“We set up for him and I asked him if he would like to conduct. He asked me what tempo we played it at, and I told him for right now, it was his band and they would play any tempo he wanted them to. He conducted the entire time. Immediately afterwards, we played ‘Boogie Woogie Bugle Boy’ for him again as well.

“He then asked if he could take a photo with us, precisely at the time we were asking him the same thing. At the age of 91, he climbed up the five or six stairs to get the band and thanked and praised them. He then spent the next hour standing in front of them telling him the stories of being at Pearl Harbor during the invasion and how he survived. It was a very moving day.”

Giving without expectation of return. The band had nothing to gain by playing a small private set for the Pearl Harbor survivor. But the kids made his day. He, in turn, made a lasting impression on the kids, who can someday share with their grandchildren memories of both Pearl Harbor and 9/11.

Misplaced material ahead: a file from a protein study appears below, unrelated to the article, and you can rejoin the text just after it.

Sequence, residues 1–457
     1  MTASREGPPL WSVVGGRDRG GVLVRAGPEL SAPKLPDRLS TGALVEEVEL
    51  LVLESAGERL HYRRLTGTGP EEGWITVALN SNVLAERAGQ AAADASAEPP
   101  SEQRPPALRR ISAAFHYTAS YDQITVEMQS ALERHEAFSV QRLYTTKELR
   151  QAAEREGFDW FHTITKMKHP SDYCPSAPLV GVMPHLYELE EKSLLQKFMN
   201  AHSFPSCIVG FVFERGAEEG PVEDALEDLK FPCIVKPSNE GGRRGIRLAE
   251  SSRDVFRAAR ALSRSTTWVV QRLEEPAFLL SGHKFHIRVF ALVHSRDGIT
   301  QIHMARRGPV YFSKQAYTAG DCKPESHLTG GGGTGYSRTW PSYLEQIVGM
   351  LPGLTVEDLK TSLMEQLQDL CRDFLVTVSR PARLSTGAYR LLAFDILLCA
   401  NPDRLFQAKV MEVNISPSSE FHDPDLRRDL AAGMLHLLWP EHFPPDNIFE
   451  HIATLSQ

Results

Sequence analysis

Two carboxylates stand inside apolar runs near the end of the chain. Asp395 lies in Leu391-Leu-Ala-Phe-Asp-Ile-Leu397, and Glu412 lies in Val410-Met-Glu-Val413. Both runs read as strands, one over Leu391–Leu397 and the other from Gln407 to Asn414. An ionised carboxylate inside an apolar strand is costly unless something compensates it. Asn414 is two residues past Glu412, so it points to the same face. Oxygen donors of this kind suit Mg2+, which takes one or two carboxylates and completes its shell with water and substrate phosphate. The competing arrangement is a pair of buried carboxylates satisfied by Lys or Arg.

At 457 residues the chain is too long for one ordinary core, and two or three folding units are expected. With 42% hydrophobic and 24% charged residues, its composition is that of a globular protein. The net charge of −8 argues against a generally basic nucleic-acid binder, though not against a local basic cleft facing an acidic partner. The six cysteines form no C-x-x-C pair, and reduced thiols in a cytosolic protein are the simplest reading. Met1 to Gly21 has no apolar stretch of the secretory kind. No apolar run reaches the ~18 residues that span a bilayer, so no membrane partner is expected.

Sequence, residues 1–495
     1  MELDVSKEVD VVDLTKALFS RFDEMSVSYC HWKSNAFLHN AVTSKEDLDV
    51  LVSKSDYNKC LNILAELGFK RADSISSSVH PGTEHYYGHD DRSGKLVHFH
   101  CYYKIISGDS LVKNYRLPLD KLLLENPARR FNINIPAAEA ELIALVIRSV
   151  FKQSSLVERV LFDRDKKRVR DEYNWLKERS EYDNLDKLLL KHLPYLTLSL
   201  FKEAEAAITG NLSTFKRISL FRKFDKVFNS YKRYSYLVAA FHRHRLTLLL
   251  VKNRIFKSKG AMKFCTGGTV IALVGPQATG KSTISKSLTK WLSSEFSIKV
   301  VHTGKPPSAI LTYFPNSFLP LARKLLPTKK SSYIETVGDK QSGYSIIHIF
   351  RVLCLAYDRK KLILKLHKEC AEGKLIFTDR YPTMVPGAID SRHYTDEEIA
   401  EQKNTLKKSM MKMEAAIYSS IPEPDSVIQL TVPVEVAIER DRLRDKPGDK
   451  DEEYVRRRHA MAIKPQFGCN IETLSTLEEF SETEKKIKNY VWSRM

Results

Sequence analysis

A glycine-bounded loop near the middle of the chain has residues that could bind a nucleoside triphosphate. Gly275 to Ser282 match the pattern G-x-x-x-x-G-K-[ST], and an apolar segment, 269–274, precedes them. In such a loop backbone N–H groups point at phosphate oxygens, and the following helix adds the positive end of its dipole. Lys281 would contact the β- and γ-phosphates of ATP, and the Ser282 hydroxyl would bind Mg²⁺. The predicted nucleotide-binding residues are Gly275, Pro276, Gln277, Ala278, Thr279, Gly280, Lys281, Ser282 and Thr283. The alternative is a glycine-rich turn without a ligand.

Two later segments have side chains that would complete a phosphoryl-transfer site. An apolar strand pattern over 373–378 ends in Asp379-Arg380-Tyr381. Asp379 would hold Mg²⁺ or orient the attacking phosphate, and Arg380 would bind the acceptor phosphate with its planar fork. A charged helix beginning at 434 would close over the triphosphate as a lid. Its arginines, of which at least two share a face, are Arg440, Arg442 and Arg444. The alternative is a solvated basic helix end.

A few days after the band returned from Hawaii, a jazz ensemble, including my son Frank, performed at an event honoring Rev. Bob Moore, the longtime director of the Coalition for Peace Action. As the boy’s father, I was the last to know about my son’s appearance at this event. I found out the next day, when I received the following E-mail from a writer who was at the event:

“I’m just home from the program of the Coalition for Peace Action where your son, Frank, after performing with a group from the Studio Band, delivered a wonderful talk about the band’s recent experience at Pearl Harbor. He was eloquent and interesting and a pleasure to hear. You should be proud of him.”

As one who tries to appreciate gifts in whatever form they take, I am going to wrap up that E-mail and put it under the tree. As for any other gifts I can muster for the special people on my gift list, that’s another matter. How many shopping days are there ‘til Christmas?